Audrey Niffenegger has a vision. In it, booklovers, writers, and artists will come together to create and support Artists Book House (ABH), a new nonprofit dedicated to the art of the book, from papermaking to printing word on page, from design and bookbinding to the experience of holding the finished product. Art books will share pride of place with graphic novels, poetry, memoirs, and fiction, while artists, fans, educators, calligraphers, and printmakers pursue the process and craft of book making. People will tell stories, and others will read them and be inspired to tell their own.
This dream is closer to reality than ever before with the long-term lease of the Harley Clarke Mansion from the City of Evanston; the 22,000 square-foot home — located on the banks of Lake Michigan — is currently owned by the city. “The City is being super supportive of our efforts with the ABH,” says Niffenegger.
Originally built by famed architect Richard Powers for the Clarke Family in 1927, with grounds and gardens designed by the visionary Jens Jensen, its sweeping staircases and vistas, enormous third-floor ballroom, and glorious woodwork throughout are all decently intact, although there is quite a bit of work to be done to bring the building up to code and create the arts haven that Board President Niffenegger and the ABH Board are planning.
They will be working closely with architect John Eifler (Eifler & Associates) and landscape architect Nick Patera (Teska Associates, Inc.) to restore and renovate the mansion, which will eventually include classrooms for writing seminars, studios for print and paper making, conference rooms, a bookstore, an art gallery, and a café with a terrace overlooking the magnificent Lake Michigan shoreline. An elevator and two stair lifts will add much-needed accessibility to the building. They’re doing what they can to make the building greener, even considering geothermal solutions, although those may be cost-prohibitive.
Niffenegger, the celebrated artist and author of best-selling novels “The Time Traveler’s Wife” and “Her Fearful Symmetry” among others, is no stranger to the Harley Clarke Mansion. A graduate of ETHS and the School of the Art Institute of Chicago, she got her MFA from Northwestern University and spent 15 years working at the Evanston Arts Center, the most-recent occupant of the Mansion. She’s well aware of the many benefits and pitfalls of the building and has a great reverence for its history and architecture.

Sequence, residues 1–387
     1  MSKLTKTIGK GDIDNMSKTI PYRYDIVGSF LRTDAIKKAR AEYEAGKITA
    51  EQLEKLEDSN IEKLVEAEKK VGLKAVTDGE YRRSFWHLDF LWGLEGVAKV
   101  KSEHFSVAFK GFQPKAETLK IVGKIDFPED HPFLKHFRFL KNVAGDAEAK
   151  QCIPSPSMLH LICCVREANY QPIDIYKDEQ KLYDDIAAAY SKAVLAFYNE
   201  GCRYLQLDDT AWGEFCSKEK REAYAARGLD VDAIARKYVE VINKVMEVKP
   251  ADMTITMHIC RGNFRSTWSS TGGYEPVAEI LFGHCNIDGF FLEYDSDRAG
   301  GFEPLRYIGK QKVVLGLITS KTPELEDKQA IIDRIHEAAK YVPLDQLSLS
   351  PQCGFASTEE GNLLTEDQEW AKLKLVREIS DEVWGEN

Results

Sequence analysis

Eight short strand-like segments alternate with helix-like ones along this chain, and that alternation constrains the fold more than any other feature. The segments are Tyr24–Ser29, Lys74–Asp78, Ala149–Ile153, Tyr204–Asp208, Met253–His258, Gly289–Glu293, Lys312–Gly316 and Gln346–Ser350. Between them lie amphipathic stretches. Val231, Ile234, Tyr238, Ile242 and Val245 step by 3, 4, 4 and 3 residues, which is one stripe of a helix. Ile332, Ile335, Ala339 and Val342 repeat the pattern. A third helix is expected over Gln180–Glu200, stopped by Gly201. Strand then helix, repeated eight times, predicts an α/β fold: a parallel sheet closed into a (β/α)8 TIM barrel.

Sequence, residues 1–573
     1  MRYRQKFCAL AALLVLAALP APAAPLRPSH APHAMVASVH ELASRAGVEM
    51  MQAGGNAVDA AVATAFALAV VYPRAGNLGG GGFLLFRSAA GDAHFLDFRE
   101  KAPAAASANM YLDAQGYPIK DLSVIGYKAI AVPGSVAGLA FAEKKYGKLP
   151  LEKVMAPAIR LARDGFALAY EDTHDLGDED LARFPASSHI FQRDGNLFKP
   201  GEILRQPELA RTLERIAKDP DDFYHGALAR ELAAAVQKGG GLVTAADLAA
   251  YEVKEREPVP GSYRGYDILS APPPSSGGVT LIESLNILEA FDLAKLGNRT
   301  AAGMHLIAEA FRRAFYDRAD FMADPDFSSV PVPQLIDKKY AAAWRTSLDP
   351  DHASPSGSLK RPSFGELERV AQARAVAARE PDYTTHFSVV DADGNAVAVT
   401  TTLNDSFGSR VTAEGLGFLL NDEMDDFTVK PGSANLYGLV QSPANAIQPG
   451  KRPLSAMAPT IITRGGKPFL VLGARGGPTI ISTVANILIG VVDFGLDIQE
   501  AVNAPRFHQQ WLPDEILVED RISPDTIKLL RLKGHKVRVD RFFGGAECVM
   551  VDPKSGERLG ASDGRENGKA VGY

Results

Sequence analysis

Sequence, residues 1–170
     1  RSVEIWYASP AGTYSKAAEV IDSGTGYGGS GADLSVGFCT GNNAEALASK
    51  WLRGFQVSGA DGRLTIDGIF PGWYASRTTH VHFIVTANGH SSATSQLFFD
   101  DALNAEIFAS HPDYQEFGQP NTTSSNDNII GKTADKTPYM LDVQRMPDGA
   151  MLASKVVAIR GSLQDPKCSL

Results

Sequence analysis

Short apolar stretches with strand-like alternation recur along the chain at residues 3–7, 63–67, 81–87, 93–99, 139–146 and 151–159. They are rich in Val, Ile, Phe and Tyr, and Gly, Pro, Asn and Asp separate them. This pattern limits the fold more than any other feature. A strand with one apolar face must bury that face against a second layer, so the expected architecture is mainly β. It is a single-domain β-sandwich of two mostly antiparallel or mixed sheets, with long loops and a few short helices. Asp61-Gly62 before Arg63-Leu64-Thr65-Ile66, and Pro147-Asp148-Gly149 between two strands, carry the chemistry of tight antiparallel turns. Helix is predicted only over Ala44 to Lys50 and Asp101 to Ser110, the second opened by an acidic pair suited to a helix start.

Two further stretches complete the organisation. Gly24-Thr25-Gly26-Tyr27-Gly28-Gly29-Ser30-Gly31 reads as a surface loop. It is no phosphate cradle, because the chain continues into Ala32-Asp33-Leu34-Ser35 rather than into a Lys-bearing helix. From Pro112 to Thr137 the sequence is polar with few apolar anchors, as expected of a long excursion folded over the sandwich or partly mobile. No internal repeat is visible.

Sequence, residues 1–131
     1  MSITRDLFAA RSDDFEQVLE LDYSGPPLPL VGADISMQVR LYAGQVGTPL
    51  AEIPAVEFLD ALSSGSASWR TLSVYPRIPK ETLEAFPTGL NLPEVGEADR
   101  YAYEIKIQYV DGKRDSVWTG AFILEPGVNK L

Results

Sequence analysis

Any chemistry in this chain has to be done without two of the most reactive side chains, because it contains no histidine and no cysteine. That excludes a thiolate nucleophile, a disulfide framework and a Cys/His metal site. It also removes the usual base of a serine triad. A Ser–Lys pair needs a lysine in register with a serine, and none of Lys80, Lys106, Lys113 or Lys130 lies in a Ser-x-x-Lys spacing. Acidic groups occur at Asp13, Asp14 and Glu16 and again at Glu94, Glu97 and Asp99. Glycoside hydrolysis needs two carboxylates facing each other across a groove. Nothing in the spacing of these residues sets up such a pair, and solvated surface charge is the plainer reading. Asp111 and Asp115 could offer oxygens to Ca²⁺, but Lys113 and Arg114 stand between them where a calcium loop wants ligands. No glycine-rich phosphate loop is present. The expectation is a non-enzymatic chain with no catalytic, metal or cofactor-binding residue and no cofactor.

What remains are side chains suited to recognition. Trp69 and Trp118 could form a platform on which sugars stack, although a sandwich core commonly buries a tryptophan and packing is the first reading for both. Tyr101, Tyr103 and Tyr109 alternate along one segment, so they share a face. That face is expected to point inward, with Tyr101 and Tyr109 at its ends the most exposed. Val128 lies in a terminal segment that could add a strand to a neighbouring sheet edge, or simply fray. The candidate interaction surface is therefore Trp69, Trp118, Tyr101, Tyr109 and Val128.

In 1994, Niffenegger was teaching at Columbia College when she helped co-found the Columbia College Chicago Center for Book and Paper Arts, part of Columbia’s Interdisciplinary Arts Department. Sadly, it closed in 2019. She left her Columbia professorship in 2015 to devote more of her time to writing, and to start work on the Artists Book House, which was incorporated in 2019 and achieved 501c3 status back in April 2020. It’s wonderful to know that the Chicago area will once again have a much-needed book arts resource — hopefully sooner rather than later.
The folks behind ABH have their work cut out for them. “We need to raise $2 million per year starting now to meet the benchmarks in our lease with the City of Evanston,” says Niffenegger. “When we have at least $4 million, we can begin to renovate the mansion. Our goal is to raise a total of $14 million, which includes operating support.”
They are subleasing the Mansion’s coach house and garden to Jens Jensen Gardens, a nonprofit that will take over the restoration and ongoing maintenance of the grounds, so that’s been taken off their plate. But the struggle for funding, and to catch the attention and imagination of the general public as well as deep-pocketed donors, is real. During the pandemic, they created an online series of programs to keep ABH on the radar, including writer and artist Collaborations, Conversations with creators, and Open House Virtual Book Arts Workshops, but this content was offered free of charge.